Coldplay also took home three awards, including best rock album for “Viva La Vida Or Death And All His Friends.”
“We’ve never had so many Grammys in our life,” said lead singer Chris Martin, perhaps so excited he got confused (they had already won four over the years). “We feel so grateful to be here. I’m going to tear up.”
The Grammys this year offered a CBS telecast without a host and — unexpectedly — without several performers.
Rihanna and Chris Brown, both nominated for awards and scheduled to perform, were absent after the Los Angeles Police Department announced that Brown — who is dating Rihanna — was the subject of an investigation into a felony domestic violence battery from around 12:30 a.m. Sunday.
Brown turned himself into police late Sunday and was released after posting bail. Police booked the 19-year-old R&B singer on suspicion of making a criminal threat.
To fill in for Rihanna’s scheduled performance, the Recording Academy hastily put together an ensemble of Al Green, Justin Timberlake, Boyz II Men and Keith Urban performing Green’s “Let’s Stay Together.”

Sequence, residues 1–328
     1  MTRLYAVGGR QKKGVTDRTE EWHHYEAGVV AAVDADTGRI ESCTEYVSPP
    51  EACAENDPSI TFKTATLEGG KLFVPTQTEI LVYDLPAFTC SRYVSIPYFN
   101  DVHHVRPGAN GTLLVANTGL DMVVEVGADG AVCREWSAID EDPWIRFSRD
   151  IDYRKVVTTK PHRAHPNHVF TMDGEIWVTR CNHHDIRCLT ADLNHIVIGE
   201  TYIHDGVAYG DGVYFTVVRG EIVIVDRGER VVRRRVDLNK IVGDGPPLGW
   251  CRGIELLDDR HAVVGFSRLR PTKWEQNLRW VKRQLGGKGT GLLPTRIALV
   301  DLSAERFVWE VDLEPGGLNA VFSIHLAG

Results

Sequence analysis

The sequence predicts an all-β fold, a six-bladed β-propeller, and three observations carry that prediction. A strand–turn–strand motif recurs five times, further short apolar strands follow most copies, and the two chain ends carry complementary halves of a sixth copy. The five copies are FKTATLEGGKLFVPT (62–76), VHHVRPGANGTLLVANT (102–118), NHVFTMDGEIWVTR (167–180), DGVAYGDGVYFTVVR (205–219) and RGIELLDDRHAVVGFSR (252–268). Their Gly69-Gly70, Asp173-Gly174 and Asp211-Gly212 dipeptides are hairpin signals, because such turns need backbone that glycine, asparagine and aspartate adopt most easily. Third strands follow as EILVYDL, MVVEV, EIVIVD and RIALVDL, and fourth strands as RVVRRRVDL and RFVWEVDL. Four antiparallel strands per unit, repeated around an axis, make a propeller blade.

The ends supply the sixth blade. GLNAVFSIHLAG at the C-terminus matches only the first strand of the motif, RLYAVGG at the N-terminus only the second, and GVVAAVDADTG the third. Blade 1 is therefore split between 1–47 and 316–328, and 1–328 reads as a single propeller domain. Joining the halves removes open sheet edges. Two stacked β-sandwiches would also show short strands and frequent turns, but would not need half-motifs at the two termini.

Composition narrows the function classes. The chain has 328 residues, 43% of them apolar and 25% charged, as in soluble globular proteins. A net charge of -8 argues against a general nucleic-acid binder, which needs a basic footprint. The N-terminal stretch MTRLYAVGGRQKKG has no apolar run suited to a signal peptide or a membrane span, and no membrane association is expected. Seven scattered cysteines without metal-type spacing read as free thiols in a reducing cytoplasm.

One of the night’s superior performances, it reflected the comments of producer T. Bone Burnett, who explained while accepting the award for record of the year: “Good things happen out of nowhere.”
“Things happen; you have to be nimble,” said Recording Academy president Neil Portnow after the show, explaining he didn’t know of the absences until Sunday afternoon. “We think to ourselves, we’ve got the greatest musical talent in the world in the same place at the same time.”
The broadcast from the Staples Center in Los Angeles sometimes had the appearance of a bubble. No mention was made of economic troubles across the country or of the music industry’s continuing declining sales. Though download sales are rising, album sales dropped 14 percent last year.